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brusselsprout

Secured credit cards: does a higher limit boost your score better than a low limit?

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A secured credit card's minimum deposit is usually two or three hundred dollars. Is it better for your score if you buy yourself a limit of say $800.00 rather than getting the minimum of two or three hundred? 

 

Is having and responsibly using multiple secured cards better for your score?

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A secured credit card's minimum deposit is usually two or three hundred dollars. Is it better for your score if you buy yourself a limit of say $800.00 rather than getting the minimum of two or three hundred? 

 

Is having and responsibly using multiple secured cards better for your score?

Are you talking about increasing creditline? If yes, each request of credit line from renowned CC companies will see hard pull, which adversely affects your score.

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@brusselsprout ... you asked about secured cards before..  Its a perfectly legal SCAM.   They do not help your FICO new car, mortgage, insurance, etc. scores.  You might get a slight boost in your "sucker" score but...not worth the trouble.

 

If you really need plastic...get a debit card on your checking account.

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Having two credit cards plus one revolving loan seems to give the most improvement.  Secured cards definitely worked for me early in the process, and most definitely helped my FICO score.

 

The amount of the credit limit is most important in terms of the utilization reporting, so you may want to pay the card off just before the statement cuts.  For the best score you want to have no more than 10% utilization reported, with "more than half the cards" at zero balance.

 

Stay away from the predators.  Many credit unions off "credit builder" scenarios.  Say you deposit $1,000.00 into a savings account.  Take out a three year loan of $1000.00.  Now put those loan proceeds into the savings account and use it to get a $1,000.00 secured credit card.

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Look...here are the facts...

 

1.  You have m aany different credit scores.  The ones you get for free are FAKOs...somebody's estimate of your real FICO scores.  Nobody who's going to lend you money looks at those.  Secured cards and loans do increase FACO s...but only because they are fakes.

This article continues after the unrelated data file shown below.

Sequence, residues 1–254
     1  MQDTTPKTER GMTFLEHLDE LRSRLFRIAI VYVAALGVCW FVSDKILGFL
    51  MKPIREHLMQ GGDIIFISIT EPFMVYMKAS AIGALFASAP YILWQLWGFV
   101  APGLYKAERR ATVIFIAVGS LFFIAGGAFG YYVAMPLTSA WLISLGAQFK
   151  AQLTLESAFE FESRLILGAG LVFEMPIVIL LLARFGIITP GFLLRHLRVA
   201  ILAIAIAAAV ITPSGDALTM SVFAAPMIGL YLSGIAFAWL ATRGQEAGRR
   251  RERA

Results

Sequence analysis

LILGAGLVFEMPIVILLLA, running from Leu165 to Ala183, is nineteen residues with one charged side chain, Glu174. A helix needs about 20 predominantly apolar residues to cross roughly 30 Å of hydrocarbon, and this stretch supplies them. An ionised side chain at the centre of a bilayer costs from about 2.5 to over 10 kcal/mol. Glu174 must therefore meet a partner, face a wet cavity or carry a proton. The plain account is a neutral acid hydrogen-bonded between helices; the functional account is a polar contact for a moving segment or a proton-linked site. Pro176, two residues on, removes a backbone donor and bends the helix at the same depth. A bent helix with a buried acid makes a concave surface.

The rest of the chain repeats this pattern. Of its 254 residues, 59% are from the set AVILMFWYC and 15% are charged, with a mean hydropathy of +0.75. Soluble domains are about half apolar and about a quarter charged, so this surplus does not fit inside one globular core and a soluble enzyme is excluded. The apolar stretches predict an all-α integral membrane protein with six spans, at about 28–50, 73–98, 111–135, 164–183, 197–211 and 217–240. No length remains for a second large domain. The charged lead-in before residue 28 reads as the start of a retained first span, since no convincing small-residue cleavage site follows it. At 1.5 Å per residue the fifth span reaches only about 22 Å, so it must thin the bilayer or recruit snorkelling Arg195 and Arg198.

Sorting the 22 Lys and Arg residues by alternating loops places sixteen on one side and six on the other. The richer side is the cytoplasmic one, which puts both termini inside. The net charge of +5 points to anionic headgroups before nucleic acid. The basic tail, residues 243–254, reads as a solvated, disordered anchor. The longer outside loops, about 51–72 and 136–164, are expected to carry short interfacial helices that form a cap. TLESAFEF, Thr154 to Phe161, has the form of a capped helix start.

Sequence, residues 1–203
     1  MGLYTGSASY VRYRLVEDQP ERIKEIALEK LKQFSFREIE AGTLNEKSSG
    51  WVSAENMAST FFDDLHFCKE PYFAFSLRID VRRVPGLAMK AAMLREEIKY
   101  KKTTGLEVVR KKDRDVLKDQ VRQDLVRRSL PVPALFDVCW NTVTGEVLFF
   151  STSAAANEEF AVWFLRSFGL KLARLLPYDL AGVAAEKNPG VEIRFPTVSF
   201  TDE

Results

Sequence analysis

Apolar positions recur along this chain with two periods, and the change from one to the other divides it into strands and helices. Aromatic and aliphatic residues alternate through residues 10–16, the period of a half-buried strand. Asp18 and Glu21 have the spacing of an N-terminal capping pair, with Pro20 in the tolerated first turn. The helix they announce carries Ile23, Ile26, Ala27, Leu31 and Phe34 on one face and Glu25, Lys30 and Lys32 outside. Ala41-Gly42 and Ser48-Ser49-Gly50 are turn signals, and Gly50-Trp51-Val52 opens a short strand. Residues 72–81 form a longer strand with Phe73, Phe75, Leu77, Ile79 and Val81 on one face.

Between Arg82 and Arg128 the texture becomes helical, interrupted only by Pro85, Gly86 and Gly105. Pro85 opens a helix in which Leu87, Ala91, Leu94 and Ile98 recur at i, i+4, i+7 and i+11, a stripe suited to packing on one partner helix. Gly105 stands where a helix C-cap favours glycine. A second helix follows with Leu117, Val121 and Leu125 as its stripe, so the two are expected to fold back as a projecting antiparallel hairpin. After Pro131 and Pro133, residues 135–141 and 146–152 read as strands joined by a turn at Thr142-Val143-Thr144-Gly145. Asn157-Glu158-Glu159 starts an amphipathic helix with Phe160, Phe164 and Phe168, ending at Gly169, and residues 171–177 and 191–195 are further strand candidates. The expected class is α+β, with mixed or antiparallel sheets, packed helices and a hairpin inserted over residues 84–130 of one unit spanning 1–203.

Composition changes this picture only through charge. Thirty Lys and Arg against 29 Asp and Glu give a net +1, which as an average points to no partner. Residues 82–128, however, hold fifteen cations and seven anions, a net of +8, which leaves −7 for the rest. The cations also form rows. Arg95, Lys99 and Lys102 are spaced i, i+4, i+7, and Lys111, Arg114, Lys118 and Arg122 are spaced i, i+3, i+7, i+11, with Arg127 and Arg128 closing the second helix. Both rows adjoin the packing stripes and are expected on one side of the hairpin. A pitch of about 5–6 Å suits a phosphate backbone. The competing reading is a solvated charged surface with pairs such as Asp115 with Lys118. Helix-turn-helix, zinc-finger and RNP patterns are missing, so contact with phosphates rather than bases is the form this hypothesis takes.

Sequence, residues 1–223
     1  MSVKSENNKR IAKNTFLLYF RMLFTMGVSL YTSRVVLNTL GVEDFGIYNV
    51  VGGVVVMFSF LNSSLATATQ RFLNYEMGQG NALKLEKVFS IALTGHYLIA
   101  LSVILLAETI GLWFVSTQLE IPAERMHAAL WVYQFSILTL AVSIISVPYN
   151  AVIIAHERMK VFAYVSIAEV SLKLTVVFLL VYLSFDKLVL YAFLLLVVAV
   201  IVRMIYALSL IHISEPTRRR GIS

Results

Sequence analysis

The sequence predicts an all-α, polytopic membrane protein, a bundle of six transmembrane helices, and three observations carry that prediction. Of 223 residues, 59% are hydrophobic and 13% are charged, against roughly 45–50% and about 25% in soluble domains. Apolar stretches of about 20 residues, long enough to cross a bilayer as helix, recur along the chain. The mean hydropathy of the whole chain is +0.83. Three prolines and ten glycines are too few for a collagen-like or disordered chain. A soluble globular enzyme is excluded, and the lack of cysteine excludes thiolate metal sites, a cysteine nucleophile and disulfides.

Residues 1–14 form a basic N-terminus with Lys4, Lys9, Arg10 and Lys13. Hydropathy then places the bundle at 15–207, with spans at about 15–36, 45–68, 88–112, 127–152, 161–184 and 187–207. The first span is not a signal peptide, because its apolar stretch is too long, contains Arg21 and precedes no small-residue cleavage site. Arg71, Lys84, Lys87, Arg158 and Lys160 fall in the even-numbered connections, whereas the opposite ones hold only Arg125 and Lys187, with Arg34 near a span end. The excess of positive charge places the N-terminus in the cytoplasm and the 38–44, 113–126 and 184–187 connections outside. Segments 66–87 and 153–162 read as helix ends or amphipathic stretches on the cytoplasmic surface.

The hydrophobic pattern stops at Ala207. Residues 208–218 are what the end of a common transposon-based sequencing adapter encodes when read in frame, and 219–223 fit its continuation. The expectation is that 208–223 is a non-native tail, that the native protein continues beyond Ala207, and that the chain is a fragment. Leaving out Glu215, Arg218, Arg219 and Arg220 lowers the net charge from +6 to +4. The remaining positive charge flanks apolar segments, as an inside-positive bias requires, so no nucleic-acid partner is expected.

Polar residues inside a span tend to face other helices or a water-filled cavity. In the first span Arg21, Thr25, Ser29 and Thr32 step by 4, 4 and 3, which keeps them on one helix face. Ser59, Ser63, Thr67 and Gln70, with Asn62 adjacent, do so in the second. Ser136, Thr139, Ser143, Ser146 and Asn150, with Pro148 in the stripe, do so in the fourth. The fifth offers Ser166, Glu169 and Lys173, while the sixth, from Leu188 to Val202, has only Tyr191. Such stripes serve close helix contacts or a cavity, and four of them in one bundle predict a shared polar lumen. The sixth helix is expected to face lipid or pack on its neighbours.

2.  Even FICO calculates many different scores...some for mortgages, some for new cars, some for insurance, etc.  And, they calculate the FICO Bank Card...which is the one consumers are allowed to see.  That's the "sucker" score...the one that CCs use to determine who they will make money on.

 

3.  Secured cards MAY increase your sucker score...but...the other FICO calculations DO KNOW that the cards are secured, and therefore secured cards may actually hurt your other scores.

 

So, if your goal is to get more credit cards, then go ahead and let somebody hold YOUR cash and charge you for the privilege...or, get a debit card on your checking account.  Debit cards won't increase your sucker score...but...they also do not hurt your other FICO scores.

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I applied for a home loan last year and the loan officer who turned me down said that I needed to get secured credit cards. I said I didn't want any credit cards and I asked if I could pay off my smaller old debts instead. The loan officer said that paying off old debt wouldn't help me and that I needed some new accounts that showed that "You know how to pay on time". He said that if I didn't get secured credit cards "You'll be calling me again next year or someone like me" and I'd be turned down again. So I'm going to go with the secured credit cards. It's better than doing nothing...

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I applied for a home loan last year and the loan officer who turned me down said that I needed to get secured credit cards. I said I didn't want any credit cards and I asked if I could pay off my smaller old debts instead. The loan officer said that paying off old debt wouldn't help me and that I needed some new accounts that showed that "You know how to pay on time". He said that if I didn't get secured credit cards "You'll be calling me again next year or someone like me" and I'd be turned down again. So I'm going to go with the secured credit cards. It's better than doing nothing...

 

The one thing a decent secured card does for you is establish a payment history.  I know @willingtocope is entirely against them but I and many others disagree.

 

As long as you avoid the fee harvesting cards (First Premier, Credit One) at ridiculously high interest rates you should be fine.  When I rebuilt after the 2008 recession crash I started with a single Cap1 secured card.  After using that for a year I was able to secure real credit card(s) again and now have a Cap1 Venture Card, AMEX, and Citi with good limits and the secured card is closed at my request with a 2 year good payment history.

 

Keep it just long enough into the 2 year period to not damage your average age of account too much when you close it and to establish a history of managing credit and making payments.  You have to show the ability to do this to get any underwriter to take a look at you for a mortgage.

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